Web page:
Oil on oak panel.
Expert Analysis: Prof. Dr. Paul Vandenbroeck, Catholic University of Leuven / Royal Museum of Fine Arts Antwerp.
Marcelus Coffermans was a Flemish Renaissance painter who was renowned for his paintings of religious themes. From 1594 he was a member of the Guild of St. Luke. His clientele was concentrated mainly in Spain, where most of his production has been found to date.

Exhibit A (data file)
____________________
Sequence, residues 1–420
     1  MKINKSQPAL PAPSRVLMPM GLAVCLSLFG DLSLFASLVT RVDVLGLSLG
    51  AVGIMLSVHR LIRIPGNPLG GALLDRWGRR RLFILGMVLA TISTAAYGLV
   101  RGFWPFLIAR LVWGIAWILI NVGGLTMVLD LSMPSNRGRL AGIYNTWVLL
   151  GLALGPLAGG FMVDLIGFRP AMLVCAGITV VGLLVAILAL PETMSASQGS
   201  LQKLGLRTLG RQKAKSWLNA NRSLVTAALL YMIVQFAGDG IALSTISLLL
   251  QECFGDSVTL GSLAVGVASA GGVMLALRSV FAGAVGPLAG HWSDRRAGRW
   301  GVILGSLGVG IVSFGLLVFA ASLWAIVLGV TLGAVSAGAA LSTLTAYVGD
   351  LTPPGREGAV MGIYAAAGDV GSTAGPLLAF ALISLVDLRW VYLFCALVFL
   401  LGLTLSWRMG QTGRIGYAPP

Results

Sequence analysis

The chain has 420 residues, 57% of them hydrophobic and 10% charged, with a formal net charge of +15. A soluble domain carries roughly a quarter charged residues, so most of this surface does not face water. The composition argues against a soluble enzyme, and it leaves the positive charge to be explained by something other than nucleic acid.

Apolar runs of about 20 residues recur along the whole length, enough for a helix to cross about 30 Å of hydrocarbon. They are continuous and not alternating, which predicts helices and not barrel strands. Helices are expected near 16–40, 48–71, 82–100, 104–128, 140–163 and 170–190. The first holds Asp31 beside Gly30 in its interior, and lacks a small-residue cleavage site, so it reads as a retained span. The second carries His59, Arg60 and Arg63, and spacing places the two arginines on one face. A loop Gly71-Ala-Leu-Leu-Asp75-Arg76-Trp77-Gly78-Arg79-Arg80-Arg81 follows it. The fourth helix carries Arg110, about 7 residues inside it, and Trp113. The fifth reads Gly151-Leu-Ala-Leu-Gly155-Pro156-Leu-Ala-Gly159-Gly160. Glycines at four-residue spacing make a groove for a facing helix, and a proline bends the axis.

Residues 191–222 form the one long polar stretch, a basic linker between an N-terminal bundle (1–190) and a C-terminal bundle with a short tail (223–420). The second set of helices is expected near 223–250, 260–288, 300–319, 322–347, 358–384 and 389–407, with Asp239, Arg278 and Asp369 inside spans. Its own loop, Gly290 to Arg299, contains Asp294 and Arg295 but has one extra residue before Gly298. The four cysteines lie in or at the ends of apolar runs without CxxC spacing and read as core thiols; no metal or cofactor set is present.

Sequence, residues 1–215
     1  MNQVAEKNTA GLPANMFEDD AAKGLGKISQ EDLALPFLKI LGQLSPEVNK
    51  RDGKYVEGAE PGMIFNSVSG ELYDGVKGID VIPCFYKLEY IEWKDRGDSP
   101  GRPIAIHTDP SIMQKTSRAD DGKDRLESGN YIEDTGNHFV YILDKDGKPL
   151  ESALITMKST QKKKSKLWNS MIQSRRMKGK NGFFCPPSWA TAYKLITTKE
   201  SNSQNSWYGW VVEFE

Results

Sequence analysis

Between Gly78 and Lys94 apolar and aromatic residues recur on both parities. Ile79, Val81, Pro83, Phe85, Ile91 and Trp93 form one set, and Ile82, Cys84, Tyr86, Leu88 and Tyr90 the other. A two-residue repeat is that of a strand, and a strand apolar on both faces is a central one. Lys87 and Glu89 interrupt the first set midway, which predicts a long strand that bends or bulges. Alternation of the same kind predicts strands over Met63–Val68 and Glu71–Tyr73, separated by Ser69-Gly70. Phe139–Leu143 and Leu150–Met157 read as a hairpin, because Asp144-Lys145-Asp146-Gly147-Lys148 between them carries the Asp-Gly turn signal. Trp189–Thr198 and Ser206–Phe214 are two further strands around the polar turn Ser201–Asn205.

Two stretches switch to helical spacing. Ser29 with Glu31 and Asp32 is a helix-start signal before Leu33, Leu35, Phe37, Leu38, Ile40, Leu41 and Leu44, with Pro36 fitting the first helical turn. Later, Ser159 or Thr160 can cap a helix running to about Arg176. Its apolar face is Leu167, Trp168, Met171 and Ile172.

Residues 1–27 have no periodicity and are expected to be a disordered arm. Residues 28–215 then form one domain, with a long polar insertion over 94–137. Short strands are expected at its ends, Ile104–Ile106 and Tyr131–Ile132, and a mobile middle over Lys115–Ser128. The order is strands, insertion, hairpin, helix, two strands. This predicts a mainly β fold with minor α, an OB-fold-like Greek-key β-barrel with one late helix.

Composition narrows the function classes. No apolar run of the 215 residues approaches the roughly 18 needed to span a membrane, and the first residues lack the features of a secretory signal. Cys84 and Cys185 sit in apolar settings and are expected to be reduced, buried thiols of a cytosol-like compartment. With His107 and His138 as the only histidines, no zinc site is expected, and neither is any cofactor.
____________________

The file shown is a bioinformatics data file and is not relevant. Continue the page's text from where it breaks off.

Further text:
The painting depicts St. Jerome as a penitent, dressed in a dark brown garment. The Church Father kneels before the cross; in his right hand he holds a stone, with which he beats his chest to suppress his carnal desires. Before him a red hat is hung on a pole and a red cloak is tossed behind his back, symbols expressing respect for his position as a cardinal. To the right is the tamed lion from whose paw St. Jerome pulled a thorn, and since then it has accompanied him faithfully everywhere. In the background, a chapel and blue mountains are indicated. The entire scene exudes a somewhat melancholic mood – the artist chose rather dark warm tones, referencing a past era that he admired.